Tag Archives: Writer’s Block

Writing at 20%

I have a weird writing pattern that seems to carry through just about any project I work on. I write about 20% of the book (maybe the first 40-50 pages), put the book down for six months, then write the rest in a flurry. The times and specifics vary slightly, but the pattern is the same.

It took four years to write my first novel, but most of it was in the last year. Every revision cycle of Surreality has had this ebb and flow, and right now I’m trying to push through it on The Sky Below.

Starting a project is never a problem, and ironically finishing it isn’t either. But there’s this bit in the middle where the pull of other things is strong, or you hit your first real roadblocks and suddenly it can be a slog.

The act of writing regularly isn’t so tricky, but writing the same thing day in and day out is.

Admittedly a little of why I was stalled on this specific chapter was dreading to read what I had written after two Diet Dr. Pepper and Maker’s doubles. I shouldn’t have worried. Sure in my haze I used the word antiseptic completely wrong, and there were some run-on portions, but generally speaking I liked the passage better than some of things I’ve written sober.

Now I’m not advocating for drunken writing all the time, but I do think that sometimes the appropriate action is to relax and just do it. I’ve had sections that were like squeezing blood from a turnip in rough draft, that become so much easier in revision because I’ve got the bones of something to work from.

20% is a spot where you stop and think if you really want to finish something. You’ve invested enough to get a real sense of what you’re doing, and hopefully where it’s going, but not so much that you’d feel like it was a waste to put it down. That’s what comes of writing hundreds of thousands of words, throwing away 20K seems pretty commonplace (and is actually a goal when you revise).

But generally speaking anything I’ve written that’s reached 20% has called out to me at some point and demanded to be finished. It may be a spot where I think I can stop, but I never really do.

The one nice thing about stopping at 20% instead of 50 or 60 is that it isn’t that hard to get back into the swing of things when you finally pick it up again. There’s only so much you have to read to get going, and there’s less to keep in your head that you have to remind yourself about.

That being said, I really want to try to write a book in a year that I can be happy with. So chapters may be late, but they’ll get done.

Chapter 9 should release tomorrow or Friday and hopefully it’ll really be two weeks till we see Chapter 10.

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The Writer’s Survival Kit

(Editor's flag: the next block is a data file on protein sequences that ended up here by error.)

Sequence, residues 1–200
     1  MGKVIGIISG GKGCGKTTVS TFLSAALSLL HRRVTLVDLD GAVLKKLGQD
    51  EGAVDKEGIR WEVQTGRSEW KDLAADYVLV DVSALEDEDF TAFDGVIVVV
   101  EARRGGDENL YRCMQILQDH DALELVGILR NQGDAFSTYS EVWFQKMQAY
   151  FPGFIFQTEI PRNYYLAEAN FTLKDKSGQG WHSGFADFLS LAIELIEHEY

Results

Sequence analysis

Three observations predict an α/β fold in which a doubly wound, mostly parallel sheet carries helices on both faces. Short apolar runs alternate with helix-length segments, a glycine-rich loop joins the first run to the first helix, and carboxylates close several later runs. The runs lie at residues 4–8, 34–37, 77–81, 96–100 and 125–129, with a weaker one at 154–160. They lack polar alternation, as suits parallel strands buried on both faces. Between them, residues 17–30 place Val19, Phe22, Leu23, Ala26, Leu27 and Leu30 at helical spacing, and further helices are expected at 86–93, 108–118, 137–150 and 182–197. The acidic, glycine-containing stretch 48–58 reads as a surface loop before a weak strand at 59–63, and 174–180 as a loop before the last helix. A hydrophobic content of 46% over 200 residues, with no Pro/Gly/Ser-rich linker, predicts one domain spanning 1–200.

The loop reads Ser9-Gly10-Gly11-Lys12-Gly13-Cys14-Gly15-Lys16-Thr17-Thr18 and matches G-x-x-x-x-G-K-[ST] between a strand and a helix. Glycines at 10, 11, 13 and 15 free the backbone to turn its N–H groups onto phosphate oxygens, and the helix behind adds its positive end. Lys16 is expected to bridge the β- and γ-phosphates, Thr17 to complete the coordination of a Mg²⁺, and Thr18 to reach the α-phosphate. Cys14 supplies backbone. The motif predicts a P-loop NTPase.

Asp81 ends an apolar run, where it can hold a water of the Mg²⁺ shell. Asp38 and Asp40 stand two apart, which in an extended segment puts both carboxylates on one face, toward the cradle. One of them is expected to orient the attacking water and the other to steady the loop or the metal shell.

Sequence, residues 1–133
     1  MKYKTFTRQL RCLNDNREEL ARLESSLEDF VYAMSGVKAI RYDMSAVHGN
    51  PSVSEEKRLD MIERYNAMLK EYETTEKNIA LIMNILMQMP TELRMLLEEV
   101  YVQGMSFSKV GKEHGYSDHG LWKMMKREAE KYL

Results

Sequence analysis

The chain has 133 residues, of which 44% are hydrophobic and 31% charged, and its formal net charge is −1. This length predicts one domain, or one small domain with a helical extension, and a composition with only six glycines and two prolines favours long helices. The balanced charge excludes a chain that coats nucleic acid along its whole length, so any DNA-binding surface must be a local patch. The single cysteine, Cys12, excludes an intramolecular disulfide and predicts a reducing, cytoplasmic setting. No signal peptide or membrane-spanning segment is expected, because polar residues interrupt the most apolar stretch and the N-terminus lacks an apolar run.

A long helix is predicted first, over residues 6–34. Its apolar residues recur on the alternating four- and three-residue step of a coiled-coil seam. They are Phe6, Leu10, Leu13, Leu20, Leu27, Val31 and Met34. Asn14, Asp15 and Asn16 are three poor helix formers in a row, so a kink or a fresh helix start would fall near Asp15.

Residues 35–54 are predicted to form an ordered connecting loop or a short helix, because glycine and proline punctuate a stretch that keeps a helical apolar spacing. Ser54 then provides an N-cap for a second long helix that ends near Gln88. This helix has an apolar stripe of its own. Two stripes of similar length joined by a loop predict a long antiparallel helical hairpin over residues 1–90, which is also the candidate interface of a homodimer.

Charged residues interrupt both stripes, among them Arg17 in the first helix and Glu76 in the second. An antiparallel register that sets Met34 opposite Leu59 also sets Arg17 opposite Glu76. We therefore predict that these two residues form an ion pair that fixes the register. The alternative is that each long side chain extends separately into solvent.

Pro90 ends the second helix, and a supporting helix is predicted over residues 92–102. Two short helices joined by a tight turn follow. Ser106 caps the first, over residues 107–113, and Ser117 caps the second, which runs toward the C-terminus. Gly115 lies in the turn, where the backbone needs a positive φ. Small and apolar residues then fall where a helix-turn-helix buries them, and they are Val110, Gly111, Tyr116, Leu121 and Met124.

Not everything fits into your duffel or laptop bag, but the items listed below should be able to get you out or through most writing scrapes.

1) Your idea notebook with 2 pens – Mine’s a thick, small lined notepad I picked up from Half Price Books. Carry this with you to jot down any plot idea or scene snippet immediately. Two pens are for if the first one fails.

2) Laptop, tablet or other small computer that can go almost anywhere – For me the netbook is the obvious choice, though my next one might be a Surface. Small in size and light weight is best for carrying to more places, though notepads work just as well if you’re not a tech person. Since publishing will eventually involve typing I start there.

3) An electronic copy of most of what you’ve ever written – Leave out anything particularly painful. Having this material around proves that if you’ve done it before you can do it again, and can also show you the ways in which you’ve improved, or are committing the same mistakes.

4) The current book(s) you are reading – Whether it’s related to your subject matter or not, seeing another writer’s words can inspire, and get you out of your head.

5) 20 hours of music, with an hour or so set as a playlist – I select about 20 hours of albums and random tracks for any new project and listen to that music over and over. It helps me to focus on the work, while drowning out other things. It can be a mood setter, and a way of controlling even the most chaotic of environments.

6) Small headphones that block out most but not all sound.

7) Coffee you can brew yourself and diet caffeinated soda – Caffeine is the creative person’s drug, and for me coffee and soda are the best delivery systems, often both at the same time. Red bull and energy drinks on the other hand get me jittery and out of focus. There’s a pace to caffeine use that is most optimal. Find yours.

8) Beer, whiskey or tea to cool down – A fierce writing session can be exhausting. Relax with your favorite beverage or small snack to reward your work and empty your head.

9) A small pillow for hard coffee shop chairs.

10) A bag with extra room for books you might buy afterward.

11) A writing prompt book – I like The 3AM Epiphany but there are countless others.

12) Writing busywork – Things like Writer’s Markets, cover designs, anything to get writing work that needs to be done out of the way, if the creative part of you is not working at the moment.

13) A pet – Works better than the beer for relaxing.

14) A measurable goal for the evening – Something manageable but substantive. Metric for this is, does it feel like you got something done?

15) A WiFi/3G OFF button.

16) Something that makes you feel like a writer – A favorite jacket, a good pen, a fancy notebook, something you buy for yourself that epitomizes your image of what a writer is. Try not to buy a beret 😉

What else would you put in the kit?


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